GABY RUSLI WRITES — The sweet, milky, smooth, light brown tea. The dark brown, chewy, little bubble-like goodness at the bottom of the plastic cup. The excitement you feel when you’ve stuck your straw into the cup, ready to enjoy this drink that will satisfy your thirst and craving for something sweet and that you know will somehow brighten up your day. This is bubble tea. The “bubble,” also known as “boba,” refers to the round tapioca balls at the bottom of a cup of milk tea.
American youths of all colors and backgrounds have been drawn to the rising craze of bubble tea, especially in Southern California. More tea shops are opening up to meet this demand. Due to intense competition, each tea shop attempts to innovate with flavors like one I tried last week: Mango and coconut, which was definitely different!
Bubble tea originated with Taiwanese culture in the 1980’s. It was then introduced in Southern California in the early 90’s, quickly gaining popularity due to the rise of Taiwanese immigrants coming to the United States. According to history, during one hot summer a savvy food stall owner [in Taiwan] thought to combine three popular elements into one beverage—tapioca balls on the bottom, followed by a layer of shaved ice, and milk tea to fill out the rest of the drink.
This might seem like just another simple new trend, but I see it as Asian culture more steadily and consistently being embraced in today’s Southern California melting pot of fast-growing American cities. It signifies the cross-cultural comfort that persons of Asian descent, living in America, can now feel with friends while laughing and playing board games and getting much-needed relief from homesickness or feelings of cultural alienation. Jenny Zhang, a writer for the food and dining website Eater, wrote, “It felt like a kind of secret language for which only my Asian-American friends and I held the Rosetta Stone, a currency of exchange in a foreign landscape in which I otherwise felt lost and alone.” While this may still be the case for many Taiwanese youths, bubble tea has now helped the cultural melting pot to become even more fluid.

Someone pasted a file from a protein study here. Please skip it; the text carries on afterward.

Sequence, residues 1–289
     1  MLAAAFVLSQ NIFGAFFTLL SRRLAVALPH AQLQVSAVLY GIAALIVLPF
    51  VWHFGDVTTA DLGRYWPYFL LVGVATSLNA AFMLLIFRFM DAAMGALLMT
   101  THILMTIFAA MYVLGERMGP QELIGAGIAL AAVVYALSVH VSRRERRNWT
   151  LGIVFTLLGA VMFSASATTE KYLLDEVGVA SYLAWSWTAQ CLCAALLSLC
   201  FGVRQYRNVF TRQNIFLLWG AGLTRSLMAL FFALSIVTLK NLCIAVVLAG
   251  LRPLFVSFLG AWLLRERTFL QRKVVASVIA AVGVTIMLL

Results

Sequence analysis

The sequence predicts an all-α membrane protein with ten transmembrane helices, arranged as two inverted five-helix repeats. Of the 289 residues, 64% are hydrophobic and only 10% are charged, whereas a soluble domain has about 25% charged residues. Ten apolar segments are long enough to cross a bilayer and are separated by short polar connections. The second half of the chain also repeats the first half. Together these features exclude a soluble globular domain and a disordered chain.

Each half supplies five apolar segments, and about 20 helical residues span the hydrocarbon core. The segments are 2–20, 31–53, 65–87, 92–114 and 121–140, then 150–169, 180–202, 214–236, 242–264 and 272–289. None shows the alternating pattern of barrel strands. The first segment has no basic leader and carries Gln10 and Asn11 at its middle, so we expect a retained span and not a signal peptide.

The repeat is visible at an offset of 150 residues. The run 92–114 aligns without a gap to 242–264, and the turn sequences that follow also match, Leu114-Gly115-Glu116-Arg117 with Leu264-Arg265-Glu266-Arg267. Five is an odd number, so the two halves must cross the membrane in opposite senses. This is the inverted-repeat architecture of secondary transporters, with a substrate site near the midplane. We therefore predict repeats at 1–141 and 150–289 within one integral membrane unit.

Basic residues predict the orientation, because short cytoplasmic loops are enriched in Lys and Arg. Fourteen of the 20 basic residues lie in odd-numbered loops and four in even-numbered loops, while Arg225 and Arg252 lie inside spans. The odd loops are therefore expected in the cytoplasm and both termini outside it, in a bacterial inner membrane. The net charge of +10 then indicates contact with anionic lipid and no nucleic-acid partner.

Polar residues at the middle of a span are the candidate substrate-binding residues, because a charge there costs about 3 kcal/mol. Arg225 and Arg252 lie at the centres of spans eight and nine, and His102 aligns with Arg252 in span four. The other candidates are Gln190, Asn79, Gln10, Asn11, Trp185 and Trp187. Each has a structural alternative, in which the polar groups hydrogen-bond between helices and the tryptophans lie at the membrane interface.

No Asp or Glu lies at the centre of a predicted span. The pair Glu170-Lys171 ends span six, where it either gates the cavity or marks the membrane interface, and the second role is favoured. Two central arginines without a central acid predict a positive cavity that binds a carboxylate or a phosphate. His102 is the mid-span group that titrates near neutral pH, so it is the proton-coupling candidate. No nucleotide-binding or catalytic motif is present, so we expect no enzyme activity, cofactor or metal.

This is certainly the reality for me. I may not be Taiwanese, but as an international student from Indonesia struggling to find permanent roots in the United States, I would be lying if I said I don’t miss my family, friends, and home country foods; and truth is, as some of my closest friends in their home countries hunker down due to the pandemic, my boba gives me a sense of normalcy, love and warmth-a much-needed connection to them.
Despite all this, with the recent announcement of several promising vaccines to combat the Coronavirus, I wait patiently in the hope that someday soon I will be fortunate enough to enjoy bubble tea with my loved ones again safely, at home.